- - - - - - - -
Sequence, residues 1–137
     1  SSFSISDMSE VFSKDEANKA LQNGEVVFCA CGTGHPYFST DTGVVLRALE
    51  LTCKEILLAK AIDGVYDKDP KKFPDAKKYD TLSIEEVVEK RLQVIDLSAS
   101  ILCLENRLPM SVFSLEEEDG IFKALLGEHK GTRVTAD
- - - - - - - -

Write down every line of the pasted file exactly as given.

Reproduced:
Sequence, residues 1–137
     1  SSFSISDMSE VFSKDEANKA LQNGEVVFCA CGTGHPYFST DTGVVLRALE
    51  LTCKEILLAK AIDGVYDKDP KKFPDAKKYD TLSIEEVVEK RLQVIDLSAS
   101  ILCLENRLPM SVFSLEEEDG IFKALLGEHK GTRVTAD